Southeast Texas Record, August 1, 2017

BEAUMONT – Fedex was recently hit with a $1 million lawsuit, brought by a man who allegedly tripped and fell over a package while exiting his home.

Forbes, August 2, 2017

Jelly Belly Candy Co. is again asking a federal judge to toss the lawsuit of a mother of six who now says she was tricked into buying its exercise jelly beans while trying to find a healthy snack for her family.

Candy Industry, August 2, 2017

That idea came to mind when I learned two U.S. District Court judges had last week denied motions by Just Born, Inc. and Ferrara Candy Co. to dismiss separate theater-box slack-fill lawsuits brought against the candy companies this year.

The Fresno Bee, July 19, 2017

For nearly four decades, Reza and Fatemeh Saniefar and their three children greeted customers and ensured they received a good meal at the family’s Zlfred’s restaurant in central Fresno.

Southeast Texas Record, July 25, 2017

AUSTIN – A Texas appellate court will soon consider whether to reverse a district judge’s ruling that her court did not have jurisdiction to unseal testimony given by renowned plaintiff’s attorney Russell Budd on the “Terrell memo.”

Wall Street Journal, July 25, 2017

Consumer Financial Protection Bureau chief Richard Cordray has been on a regulatory tear as he prepares to run for Governor in Ohio. But many of the Obama appointee’s midnight rule-makings need not see the light of day—for instance, his arbitrary ban on mandatory arbitration that the House voted to repeal on Tuesday.

Texas Lawyer, July 24, 2017

Two brothers in charge of a Texas-based legal advertising and referral company say they're in a "David and Goliath" battle against law firms suing them in three states over claims including deceptive trade practices and trademark infringement for online ad campaigns targeting Google users searching for the plaintiff's firms.

New York Times, July 16, 2017

The sales pitches were filled with urgency and emphasized familiarity. Act now or risk missing out on millions of dollars. Trust us because we are part of the “N.F.L. brotherhood.” “You have nothing to lose,” a former N.F.L. quarterback implored in one, “but money you’re entitled to and that you earned the hard way.”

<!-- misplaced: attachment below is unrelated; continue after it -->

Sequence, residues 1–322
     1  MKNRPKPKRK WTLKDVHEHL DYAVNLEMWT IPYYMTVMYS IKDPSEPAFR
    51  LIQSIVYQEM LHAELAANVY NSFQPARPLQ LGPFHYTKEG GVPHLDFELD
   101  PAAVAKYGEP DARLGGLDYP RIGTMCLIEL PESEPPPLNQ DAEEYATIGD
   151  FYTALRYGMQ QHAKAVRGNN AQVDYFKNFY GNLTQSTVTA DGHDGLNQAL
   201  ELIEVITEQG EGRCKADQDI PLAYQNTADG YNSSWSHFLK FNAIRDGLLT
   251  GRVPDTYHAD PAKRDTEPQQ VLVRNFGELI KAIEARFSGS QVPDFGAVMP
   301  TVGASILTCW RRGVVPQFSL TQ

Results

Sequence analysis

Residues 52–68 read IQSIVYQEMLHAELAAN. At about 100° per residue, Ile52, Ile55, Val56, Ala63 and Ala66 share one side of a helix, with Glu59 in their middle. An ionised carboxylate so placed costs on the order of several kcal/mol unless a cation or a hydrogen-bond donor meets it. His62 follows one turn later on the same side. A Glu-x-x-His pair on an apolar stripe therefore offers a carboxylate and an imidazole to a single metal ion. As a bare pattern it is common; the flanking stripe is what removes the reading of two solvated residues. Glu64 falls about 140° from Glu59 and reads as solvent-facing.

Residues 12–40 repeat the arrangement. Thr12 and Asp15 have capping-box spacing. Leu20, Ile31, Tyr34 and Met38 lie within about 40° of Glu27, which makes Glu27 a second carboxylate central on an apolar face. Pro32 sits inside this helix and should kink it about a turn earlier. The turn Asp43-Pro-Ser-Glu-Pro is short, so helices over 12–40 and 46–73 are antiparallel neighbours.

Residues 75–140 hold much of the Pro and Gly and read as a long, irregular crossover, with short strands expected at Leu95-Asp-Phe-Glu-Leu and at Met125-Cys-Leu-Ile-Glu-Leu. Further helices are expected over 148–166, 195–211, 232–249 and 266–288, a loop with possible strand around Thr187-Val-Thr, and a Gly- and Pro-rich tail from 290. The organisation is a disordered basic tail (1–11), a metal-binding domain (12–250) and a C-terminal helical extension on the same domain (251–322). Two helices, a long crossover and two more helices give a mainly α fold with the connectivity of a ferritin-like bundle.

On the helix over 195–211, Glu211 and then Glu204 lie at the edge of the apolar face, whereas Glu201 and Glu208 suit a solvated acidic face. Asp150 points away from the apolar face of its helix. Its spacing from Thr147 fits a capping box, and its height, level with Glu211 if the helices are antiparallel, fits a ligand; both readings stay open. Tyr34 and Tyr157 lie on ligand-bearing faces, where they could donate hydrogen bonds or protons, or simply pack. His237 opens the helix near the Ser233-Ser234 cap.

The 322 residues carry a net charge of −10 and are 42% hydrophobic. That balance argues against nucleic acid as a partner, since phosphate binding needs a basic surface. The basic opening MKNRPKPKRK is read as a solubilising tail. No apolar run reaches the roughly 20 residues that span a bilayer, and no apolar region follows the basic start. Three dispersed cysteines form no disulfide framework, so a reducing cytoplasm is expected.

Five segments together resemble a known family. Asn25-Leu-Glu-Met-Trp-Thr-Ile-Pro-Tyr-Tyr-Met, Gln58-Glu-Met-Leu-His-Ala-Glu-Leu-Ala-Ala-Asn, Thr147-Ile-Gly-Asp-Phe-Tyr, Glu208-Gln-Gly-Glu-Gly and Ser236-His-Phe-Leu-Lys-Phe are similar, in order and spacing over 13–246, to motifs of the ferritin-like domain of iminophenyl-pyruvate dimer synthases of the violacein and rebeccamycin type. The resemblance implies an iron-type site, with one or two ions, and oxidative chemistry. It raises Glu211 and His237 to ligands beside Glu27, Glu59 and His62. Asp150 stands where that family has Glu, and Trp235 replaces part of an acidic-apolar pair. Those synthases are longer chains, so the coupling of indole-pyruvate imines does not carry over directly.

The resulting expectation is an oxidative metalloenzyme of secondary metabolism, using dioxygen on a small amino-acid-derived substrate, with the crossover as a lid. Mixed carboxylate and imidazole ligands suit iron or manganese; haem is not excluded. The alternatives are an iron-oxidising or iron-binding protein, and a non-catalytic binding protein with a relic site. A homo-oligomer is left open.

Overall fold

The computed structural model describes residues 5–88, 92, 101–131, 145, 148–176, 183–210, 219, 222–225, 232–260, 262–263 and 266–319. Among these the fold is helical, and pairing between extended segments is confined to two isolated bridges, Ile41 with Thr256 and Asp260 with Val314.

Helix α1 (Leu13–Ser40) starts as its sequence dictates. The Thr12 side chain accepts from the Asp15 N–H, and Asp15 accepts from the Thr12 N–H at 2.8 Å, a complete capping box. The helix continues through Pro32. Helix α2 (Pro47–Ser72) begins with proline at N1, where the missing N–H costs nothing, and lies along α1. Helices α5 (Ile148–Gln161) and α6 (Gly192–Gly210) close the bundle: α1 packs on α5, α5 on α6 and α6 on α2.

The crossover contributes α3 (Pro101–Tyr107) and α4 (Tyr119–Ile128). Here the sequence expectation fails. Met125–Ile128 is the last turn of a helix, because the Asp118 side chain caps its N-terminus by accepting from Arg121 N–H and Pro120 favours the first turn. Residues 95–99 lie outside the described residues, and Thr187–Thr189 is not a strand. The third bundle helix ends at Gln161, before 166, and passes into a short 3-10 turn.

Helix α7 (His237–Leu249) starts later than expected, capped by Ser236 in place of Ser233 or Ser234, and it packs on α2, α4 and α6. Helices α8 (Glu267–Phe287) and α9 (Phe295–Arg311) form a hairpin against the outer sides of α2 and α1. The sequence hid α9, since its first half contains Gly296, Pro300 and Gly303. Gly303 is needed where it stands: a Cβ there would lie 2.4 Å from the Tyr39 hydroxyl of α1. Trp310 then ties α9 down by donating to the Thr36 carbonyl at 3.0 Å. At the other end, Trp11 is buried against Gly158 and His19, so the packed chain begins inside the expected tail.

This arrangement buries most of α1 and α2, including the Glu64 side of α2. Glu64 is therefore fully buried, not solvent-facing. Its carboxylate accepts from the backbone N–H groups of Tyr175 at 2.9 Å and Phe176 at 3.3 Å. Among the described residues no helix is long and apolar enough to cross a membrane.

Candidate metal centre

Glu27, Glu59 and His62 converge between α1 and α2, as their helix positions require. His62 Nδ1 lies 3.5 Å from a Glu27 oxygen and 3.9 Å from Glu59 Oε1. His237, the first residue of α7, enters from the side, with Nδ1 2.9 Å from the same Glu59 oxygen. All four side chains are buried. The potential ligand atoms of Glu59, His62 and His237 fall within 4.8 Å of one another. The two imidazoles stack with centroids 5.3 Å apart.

Legal Newsline, July 19, 2017

LOS ANGELES (Legal Newsline) – A California appeals court has declined to expand asbestos liability in take-home exposure lawsuit.

New York Law Journal, July 20, 2017

ALBANY - Despite the legislative session concluding for 2017 late last month, a tort-reform business group is already pushing for a bill that would regulate the third-party consumer litigation funding industry.

Reuters, July 19, 2017

WASHINGTON (Reuters) - The U.S. Congress could act within weeks to kill a new rule that bars financial companies from blocking consumers who wish to file class-action lawsuits, according to a key Republican senator.

The Guardian, July 12, 2017

A US appeals court has debated whether or not a monkey can own the copyright to a selfie, while the photographer whose camera captured the famous image watched a livestream of the proceedings from his home in the UK.

RiverBender, July 13, 2017

According to Illinois Lawsuit Abuse Watch (I-LAW), a judicial hellhole is a place without lawsuit reforms, which allows personal injury lawyers to have the entire run of a judicial system, allowing what it perceives to be unfair settlements and practices for defendants in these cases. Madison, St. Clair and Cook counties in Illinois are some of the most cited offenders in the country qualifying to have the badge of "judicial hellhole." I-LAW has set upon a statewide summer campaign - with a focus on cities bordering other states - to illustrate the sort of judicial reforms Illinois may require.